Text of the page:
Produced By: Mary Ore
Photography: John Woodcock
Interior Design: April Lozevski, Avril Interiors
Architecture: Mark Candelaria and Vivian Ayala, Candelaria Design
Home Builder: Russ Mason, Catalina Custom Homes, Inc.
Landscape Architecture: Greg Trutza, Landscape Architecture, Inc.
f it weren’t 100 percent true, it would seem too on-the-nose: a beautiful new home rising from the literal ashes of its predecessor…just outside Phoenix, of all places. And yet it’s what happened to a residence in Paradise Valley, a family house which arose on theÂ site of a calamitous fire that had destroyed the owners’ previous home, just months away from the completion of a down-to-the-studs renovation. The story of how the homeowners, their trusted interior designer andÂ a thoughtful architectural team rallied afterward is a reminder that tragedy often brings with it the opportunity for beauteous rebirth.
“The heartbreak of that day changed me on both a professional and personal level,” says interior designer April Lozevski, whose relationship with the homeowners stretches back more than 15 years. It was Lozevski who stood–and cried–with her clients in front of the first house as firefighters attempted to put out the blaze. “The decision to rebuild took several years. It took time and a new spark of inspiration to jump-start the process of dreaming again.”
That spark came in the form of a serendipitous sighting: a house in Arcadia that had been built by architect Mark Candelaria–and that the homeowners “fell in love with,” according to Lozevski. Dreams were rekindled, contact was made, and a brief was born.
The experience of the fire had made the owners, who have two children, reconsider life on two floors: They immediately connected with Candelaria and project manager Vivian Ayala’s proposal to keep things to a single story, with the children’s rooms closer to the main living area and master suite. In Lozevski’s words the effect of the family’s ordeal on their vision for the new home was to make them want to “pull in the layout and the volumes to create a more intimate, close-knit relationship of rooms.”
In practice, that meant redefining the concept of the “family room” so that it encompassed a cluster of connected spaces, both indoor and outdoor, as opposed to a single one. This home’s family room, says Candelaria, is really more of a composite volume that “engages the kitchen on the one end and the outdoor loggia on the other to embrace the outdoors and to be a space to relax and enjoy living.” Of the kitchen, he adds that it’s “the hub of the home–definitely the center of the action.” As befits any hub, it has views in all directions, the most rewarding ones being those of the patios and gardens to the east, landscaped by Greg Trutza, and the courtyard to the south.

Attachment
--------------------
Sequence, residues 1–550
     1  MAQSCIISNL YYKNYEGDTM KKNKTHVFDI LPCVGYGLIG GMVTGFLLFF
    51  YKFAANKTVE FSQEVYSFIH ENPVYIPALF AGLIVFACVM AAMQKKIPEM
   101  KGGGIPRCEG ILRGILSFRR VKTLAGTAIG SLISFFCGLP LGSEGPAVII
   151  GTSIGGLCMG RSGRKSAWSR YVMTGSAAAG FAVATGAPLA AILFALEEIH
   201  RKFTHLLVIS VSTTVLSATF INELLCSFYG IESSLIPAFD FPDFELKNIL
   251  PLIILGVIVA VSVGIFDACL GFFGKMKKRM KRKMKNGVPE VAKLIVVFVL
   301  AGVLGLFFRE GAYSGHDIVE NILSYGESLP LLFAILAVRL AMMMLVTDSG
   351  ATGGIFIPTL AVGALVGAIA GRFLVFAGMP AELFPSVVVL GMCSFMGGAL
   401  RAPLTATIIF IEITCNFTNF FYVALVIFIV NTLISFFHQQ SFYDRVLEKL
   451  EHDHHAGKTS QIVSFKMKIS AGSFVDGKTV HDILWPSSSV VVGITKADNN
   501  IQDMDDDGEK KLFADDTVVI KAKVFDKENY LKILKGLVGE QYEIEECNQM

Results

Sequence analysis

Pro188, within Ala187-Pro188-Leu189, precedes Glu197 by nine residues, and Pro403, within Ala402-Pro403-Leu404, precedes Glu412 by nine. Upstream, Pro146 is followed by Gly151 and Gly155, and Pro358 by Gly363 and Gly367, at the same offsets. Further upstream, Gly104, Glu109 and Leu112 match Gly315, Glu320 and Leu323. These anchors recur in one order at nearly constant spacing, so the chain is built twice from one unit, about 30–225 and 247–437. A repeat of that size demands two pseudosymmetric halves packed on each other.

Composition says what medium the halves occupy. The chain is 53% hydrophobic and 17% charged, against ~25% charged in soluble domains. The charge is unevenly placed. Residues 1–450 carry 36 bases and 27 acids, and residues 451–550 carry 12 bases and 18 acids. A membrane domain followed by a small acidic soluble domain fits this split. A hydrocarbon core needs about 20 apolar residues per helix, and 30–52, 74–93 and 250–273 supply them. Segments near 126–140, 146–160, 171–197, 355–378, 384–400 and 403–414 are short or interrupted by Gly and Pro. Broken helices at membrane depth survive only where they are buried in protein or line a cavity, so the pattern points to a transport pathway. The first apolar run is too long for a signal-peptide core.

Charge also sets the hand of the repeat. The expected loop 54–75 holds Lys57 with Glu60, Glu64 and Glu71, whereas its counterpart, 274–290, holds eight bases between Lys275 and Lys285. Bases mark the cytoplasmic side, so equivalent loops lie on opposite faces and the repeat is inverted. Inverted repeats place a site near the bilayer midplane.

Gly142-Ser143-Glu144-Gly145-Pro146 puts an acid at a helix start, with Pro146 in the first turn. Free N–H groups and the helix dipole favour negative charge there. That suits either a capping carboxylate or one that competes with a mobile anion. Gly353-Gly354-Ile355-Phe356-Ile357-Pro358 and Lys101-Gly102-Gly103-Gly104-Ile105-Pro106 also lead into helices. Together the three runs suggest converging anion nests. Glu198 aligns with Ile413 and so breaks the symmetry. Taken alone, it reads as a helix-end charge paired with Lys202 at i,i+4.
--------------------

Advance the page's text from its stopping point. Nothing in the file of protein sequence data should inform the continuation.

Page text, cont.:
But there’s also plenty to see on the walls. The clients’ expansive and ever-evolving art collection meant that the architects, designer and general contractor Russ Mason would need to craft warm, livable rooms that could double as exhibit spaces–such as the long and high-ceilinged gallery extending from the house’s master wing to its guest wing. “Much like you would in an art gallery, we opted to keep the interior finishes neutral, with warm white walls and custom aniline dyed greige doors,” says Lozevski. “We stripped away traditional millwork and opted for sculptural plaster ceiling details, elegant beamwork and lots of windows for natural light.”
Some designers push their clients toward a particular look, but Lozevski is happy to let her clients pull herÂ into their visual world of beloved furnishings, fabrics and objects. Once there, she sees her job as “orchestrating all of these elements into a pleasing composition.” These owners love color, so Lozevski upholstered a pair of living room armchairs in a bright pink and yellow fabric inspired by batik. In the dining room, the chairs wear a cheerful green and white print. A powder room’s wallcovering is playfully patterned with bunny rabbits by the contemporary American painter Hunt Slonem.
In the master bedroom, a unique sculptural ceiling detail stands out: a central oculus whose carved plaster ridgesÂ suggest nothing so much as the underside of a protective umbrella over the bed. Steps away is the master bath, the goal for which was relatively straightforward, according to Candelaria: “Make it feel like you’re living at a five-star spa every day.” A well-placed Dutch door opens to the outside, letting in light and breezes but discouraging the entry of curious reptiles and other desert-dwelling critters.
The completed residence is now an example of how the best-designed homes are capable of stunning us with their beauty, impressing us with their sophistication, and transporting us with their inventive style. But they’ll never have a higher purpose than that of a shelter for ourselves and those who are most important to us.
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